One of the companies I've formed, Adeptium Consulting Ltd., can help you with every stage of starting a new company - whether it's just setting up your web service, or the whole package from helping you find a company name, through registration, to sorting out your IT. We can even provide you a portfolio (that's to say, part-time and pay-as-you-go) Technical or IT Director who can be named on your Companies House register of Directors, to advise you on your technical needs, and help you present a much more attractive proposition to prospective customers or potential investors.

Finally, I'd like to make it clear that, with the exception of Adeptium, I have no beneficial interest in any of the companies I've recommended. That is to say: at the time of writing, I don't hold shares in any of them, I don't sell products or services to any of them, and I get no benefit from the recommendations. I have been a satisfied customer of products or services provided by them, and it's solely on that basis that I make the recommendations.

Thursday, 23 December 2010

Musical finds, fiends, friends and enemas

Every now and again, I feel the urge to write something about musicians I've discovered or been pointed towards. This posting is sponsored by Spotify and the letter 'F'. Or not. Depending.

At this time of the year, the BBC publishes its list of musicians to watch for in the coming year. You'll find the current list on the Sound of 2011 mini-site. Usually, it's a pretty reliable selection of really decent talent. The 2010 list, for example, included Ellie Goulding, Marina and the Diamonds, The Drums and Owl City, all of whom were doing stuff that was fresh and good. (Marina's my favourite - she's intelligent, barking mad, and a damn good songwriter too. What more could you want?)

BBC's Sound of 2011 list is a bit of a disappointment.
The 2011 list, though, is a bit of a disappointment. I've watched all the videos, to spare you the indignity - and the only artist that got my attention was a grime MC who goes by the tag of Wretch 32. That's a pretty hefty indictment of the others, as hip-hop's not usually my bag, but this guy's good, and the production on Traktor was really slick. If his other tracks are as good, I'm getting the album. As for the other artists - sorry, but ... whatever. There was little else that wasn't derivative. Maybe I'll revisit the site in a while and have a second listen.

All of which means I have to do some actual research and find some names for you. Spotify's a great tool for finding artists you'd never heard of - just type a random word into the search box, listen to a few tracks and discover. Today, it's thrown up a strummer new to me: Paul Gilbert. Formerly of Mr. Big, and now with Racer X, he's a powerhouse guitarist who plays with accuracy and precision. For me, he's way ahead of Joe Satriani, whose work Gilbert's resembles. Much fuzzbox and overdrive, but the tunes aren't samey.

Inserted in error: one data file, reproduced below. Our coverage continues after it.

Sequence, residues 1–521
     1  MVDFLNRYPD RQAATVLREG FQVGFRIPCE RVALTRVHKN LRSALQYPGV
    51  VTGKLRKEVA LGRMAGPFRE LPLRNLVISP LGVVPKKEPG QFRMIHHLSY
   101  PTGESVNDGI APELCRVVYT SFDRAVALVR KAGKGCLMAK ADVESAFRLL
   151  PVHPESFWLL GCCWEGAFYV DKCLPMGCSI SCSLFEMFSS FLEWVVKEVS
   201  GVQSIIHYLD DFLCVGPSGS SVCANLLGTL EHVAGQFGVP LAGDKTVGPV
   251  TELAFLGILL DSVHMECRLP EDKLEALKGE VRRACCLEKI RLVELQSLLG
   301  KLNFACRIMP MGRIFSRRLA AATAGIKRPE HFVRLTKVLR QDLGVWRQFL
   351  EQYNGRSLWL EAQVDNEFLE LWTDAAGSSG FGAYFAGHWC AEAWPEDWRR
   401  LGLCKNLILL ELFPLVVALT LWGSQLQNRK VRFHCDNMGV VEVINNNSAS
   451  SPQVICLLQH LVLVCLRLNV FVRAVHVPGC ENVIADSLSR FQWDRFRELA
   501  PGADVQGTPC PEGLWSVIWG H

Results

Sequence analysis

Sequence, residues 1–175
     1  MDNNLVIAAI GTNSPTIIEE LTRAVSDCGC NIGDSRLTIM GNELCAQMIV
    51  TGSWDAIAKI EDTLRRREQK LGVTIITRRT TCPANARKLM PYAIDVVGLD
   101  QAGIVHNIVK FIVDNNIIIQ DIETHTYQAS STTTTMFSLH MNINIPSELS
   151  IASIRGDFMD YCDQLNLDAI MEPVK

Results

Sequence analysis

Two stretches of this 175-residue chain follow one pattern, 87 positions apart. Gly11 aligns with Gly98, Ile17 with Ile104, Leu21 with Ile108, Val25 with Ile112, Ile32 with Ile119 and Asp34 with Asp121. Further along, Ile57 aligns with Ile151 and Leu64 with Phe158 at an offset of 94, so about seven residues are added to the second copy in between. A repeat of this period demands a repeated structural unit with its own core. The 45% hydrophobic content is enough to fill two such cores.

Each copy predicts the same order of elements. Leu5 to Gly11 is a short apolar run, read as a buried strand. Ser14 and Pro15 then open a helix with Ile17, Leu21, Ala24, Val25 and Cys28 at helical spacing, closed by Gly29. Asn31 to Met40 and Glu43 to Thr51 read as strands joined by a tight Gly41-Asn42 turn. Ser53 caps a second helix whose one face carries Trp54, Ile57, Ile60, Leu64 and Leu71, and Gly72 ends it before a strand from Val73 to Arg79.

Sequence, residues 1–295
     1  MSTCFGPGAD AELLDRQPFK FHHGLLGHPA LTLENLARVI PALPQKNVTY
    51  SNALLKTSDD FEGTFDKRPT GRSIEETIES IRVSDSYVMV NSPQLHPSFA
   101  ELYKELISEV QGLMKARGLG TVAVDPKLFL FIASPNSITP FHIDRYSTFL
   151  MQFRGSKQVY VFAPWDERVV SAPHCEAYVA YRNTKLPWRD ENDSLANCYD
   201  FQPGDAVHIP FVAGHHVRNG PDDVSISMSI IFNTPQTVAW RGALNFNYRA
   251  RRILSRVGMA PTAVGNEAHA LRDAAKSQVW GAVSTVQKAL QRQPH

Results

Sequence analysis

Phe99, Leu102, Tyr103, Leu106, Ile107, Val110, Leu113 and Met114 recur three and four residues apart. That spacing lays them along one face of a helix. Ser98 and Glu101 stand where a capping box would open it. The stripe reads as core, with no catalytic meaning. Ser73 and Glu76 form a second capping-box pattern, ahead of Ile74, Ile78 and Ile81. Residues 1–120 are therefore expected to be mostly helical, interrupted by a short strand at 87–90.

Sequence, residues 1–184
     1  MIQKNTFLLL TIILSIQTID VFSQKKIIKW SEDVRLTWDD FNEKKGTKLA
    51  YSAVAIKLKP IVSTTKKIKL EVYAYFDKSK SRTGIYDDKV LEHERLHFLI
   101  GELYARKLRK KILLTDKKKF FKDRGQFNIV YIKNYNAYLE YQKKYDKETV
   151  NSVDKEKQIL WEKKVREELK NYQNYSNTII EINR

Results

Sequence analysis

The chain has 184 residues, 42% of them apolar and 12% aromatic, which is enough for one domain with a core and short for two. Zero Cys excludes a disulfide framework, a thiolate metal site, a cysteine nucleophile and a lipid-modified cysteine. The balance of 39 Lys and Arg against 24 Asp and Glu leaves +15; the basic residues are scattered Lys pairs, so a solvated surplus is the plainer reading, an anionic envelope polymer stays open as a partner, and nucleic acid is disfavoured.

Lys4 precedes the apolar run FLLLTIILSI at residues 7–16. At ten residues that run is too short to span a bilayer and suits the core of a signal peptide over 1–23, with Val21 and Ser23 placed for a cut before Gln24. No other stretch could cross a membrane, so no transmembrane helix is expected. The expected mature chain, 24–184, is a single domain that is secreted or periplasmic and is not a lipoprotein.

Something hip-hoppy, folky and ... Basque?
Fancy something hip-hoppy, folky, trance-y, techno-y and ... Basque? Look no further than Crystal Fighters. Mix Catalan instruments with Marina and an MC - and you've almost totally failed to grasp their range. Earlier in the year, they performed on Later with Jools: you can see the performances here.

More when I remember them.

Wednesday, 22 December 2010

I told you so!

Regular readers will remember that I dropped a hot little piece of tittle-tattle about a month-and-a-half ago. In this blog posting, I happened to mention: "Will we see Windows and Office for ARM? Well, here's a bit of gossip: keep your eyes open in the next twelve months."

And, lo, it came to pass.

Today, The Register published an article that blew the secret wide open.

So was it just speculation on my part? No. What I wasn't allowed to say in that November blog piece was that I'd got the information from an authoritative source within Microsoft. In fact, I'd been sitting on the coup for about two months because I wanted to leave enough time that the source in question couldn't be traced - and it still hasn't been.

The Register's earlier article mentioning the Microsoft/ARM pact shows how much they'd been misled - or misled themselves. El Reg had speculated that the ARM licensing was to do with the next generation of XBoxen. With the advances made in recent ARM architectures, that might yet come to pass, but the real deal was the one that no-one had dared suggest: Windows and Office on ARM.

Glad to be of service.